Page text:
A duty of candour

Ah, the NHS. Hit them when they’re down. It’s not enough that this eternal, infernal winter is driving sickness to horrible new levels. Now nurses will have to train in basic care (I thought they already knew all that) and it looks like there will be a new legal duty of candour imposed on NHS service providers.

As to what a “duty of candour” actually means, the nuts and bolts are to be worked through in due course, but the spectrum is rather wide. At one end there could be a legal obligation on individual health workers to tell the truth and blow the whistle, enforceable by criminal sanctions. On the other end, NHS service providers could be required to sign an undertaking to promote honesty and own up to mistakes, enforceable under the existing provisions of contract law. As with Leveson, the odds are the Government’s going to take the easy option, the “light” option (although they claim they are still looking seriously at the more draconian measures). Unlike in the case of Leveson, however, this might well be the right result, because what needs to change is a culture of cover-up, and one of the best ways to go about making that change is to start at the top, with the management. A few weeks ago in another post (here) I wrote this:

As for the second person, we can start by teaching managers everywhere, in every form of public and private service, that their first duty isn’t to their company or department or their team or their colleagues or the bottom line or the project. It’s to society.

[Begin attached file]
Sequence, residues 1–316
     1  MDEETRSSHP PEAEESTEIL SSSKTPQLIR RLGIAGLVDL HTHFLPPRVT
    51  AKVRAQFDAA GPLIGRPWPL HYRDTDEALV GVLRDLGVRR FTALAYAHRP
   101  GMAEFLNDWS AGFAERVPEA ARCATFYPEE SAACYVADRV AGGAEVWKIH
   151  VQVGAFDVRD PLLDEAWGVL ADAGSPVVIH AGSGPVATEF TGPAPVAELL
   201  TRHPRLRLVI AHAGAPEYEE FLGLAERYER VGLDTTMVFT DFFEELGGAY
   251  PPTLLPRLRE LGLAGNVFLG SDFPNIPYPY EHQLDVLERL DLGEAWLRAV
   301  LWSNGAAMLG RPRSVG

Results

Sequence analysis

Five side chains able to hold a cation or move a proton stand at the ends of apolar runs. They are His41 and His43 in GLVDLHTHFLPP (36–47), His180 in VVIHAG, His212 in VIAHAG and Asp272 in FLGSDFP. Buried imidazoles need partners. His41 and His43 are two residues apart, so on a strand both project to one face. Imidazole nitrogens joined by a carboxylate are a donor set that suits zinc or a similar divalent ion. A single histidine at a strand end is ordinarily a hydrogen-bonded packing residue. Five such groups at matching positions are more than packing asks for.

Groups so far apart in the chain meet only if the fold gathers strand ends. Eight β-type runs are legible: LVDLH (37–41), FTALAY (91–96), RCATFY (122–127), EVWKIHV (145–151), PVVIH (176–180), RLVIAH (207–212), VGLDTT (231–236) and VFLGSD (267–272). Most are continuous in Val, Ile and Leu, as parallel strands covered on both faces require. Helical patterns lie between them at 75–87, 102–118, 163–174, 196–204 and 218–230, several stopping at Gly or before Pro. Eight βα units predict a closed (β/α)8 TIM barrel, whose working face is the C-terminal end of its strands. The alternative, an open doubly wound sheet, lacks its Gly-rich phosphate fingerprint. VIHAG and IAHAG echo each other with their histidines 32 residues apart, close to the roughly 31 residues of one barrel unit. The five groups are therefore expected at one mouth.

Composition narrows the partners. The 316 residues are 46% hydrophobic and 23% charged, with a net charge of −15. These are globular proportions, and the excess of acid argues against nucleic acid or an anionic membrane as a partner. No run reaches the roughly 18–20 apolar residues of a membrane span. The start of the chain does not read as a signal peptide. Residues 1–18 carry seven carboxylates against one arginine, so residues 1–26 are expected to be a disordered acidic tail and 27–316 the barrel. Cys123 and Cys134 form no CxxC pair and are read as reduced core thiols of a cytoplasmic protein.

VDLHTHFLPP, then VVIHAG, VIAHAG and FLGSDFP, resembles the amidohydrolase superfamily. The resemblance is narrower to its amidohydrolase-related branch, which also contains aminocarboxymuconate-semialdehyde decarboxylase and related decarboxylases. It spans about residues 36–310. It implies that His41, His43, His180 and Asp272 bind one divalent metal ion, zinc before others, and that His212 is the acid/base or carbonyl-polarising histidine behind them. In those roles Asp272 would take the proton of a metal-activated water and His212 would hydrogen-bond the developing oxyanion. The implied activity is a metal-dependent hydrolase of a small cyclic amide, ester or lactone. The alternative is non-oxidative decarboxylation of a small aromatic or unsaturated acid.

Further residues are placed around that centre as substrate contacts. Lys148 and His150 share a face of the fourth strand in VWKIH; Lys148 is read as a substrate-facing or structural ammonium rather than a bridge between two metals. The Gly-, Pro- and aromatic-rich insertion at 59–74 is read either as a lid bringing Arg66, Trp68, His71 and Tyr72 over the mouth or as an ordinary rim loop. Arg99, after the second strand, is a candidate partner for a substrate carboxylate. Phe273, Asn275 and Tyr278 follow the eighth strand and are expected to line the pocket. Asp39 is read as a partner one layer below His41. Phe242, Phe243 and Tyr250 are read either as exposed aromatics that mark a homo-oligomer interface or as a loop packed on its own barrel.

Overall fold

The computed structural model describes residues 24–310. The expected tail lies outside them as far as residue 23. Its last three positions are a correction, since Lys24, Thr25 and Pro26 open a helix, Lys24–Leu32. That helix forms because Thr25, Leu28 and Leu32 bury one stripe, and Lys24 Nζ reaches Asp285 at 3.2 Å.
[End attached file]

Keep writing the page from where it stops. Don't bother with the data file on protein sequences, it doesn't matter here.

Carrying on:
It’s a shame management can’t just be told to tell the truth, but it’s not a perfect world, and in the world we have maybe the best way to make people concentrate on doing the right thing is to hit them in the pocket if they don’t.

In the same post I wrote about how good it would be if blowing the whistle became the cultural norm. There will always be people looking to cut corners and do the wrong thing. If they know their colleagues are watching them they might decide that spending their working lives looking over their shoulders making sure they haven’t been spotted just isn’t worth it. But my guess is that putting the fear of god into each and every NHS employee by threatening them with who-knows-what if they don’t report anything they suspect as wrong-doing will lead to mass over-reporting, a culture of fear, and ultimately a backlash and the complete discrediting of whistle-blowing.

So it’s obvious which way the law should go on this, right? Hit management with the bottom line rather than employees with the police state. But with a Government reeling over accusations it went soft on press regulation, there’s always a risk they’ll see this as an opportunity to show their hard side. And of course the NHS is already a write-off, politically-speaking, for the coalition. The vast majority of NHS employees are going to vote Labour at the next election whatever the Government does in this particle case. And they don’t own the newspapers to scare Cameron and co into going easier on them. There might be some short-term gain, politically, in pushing the hard line on candour. I hope it doesn’t come to that, but with politicians, you never know.


Liked this? Take a look at the opening chapter from the soon-to-be-published Without Due Care here.


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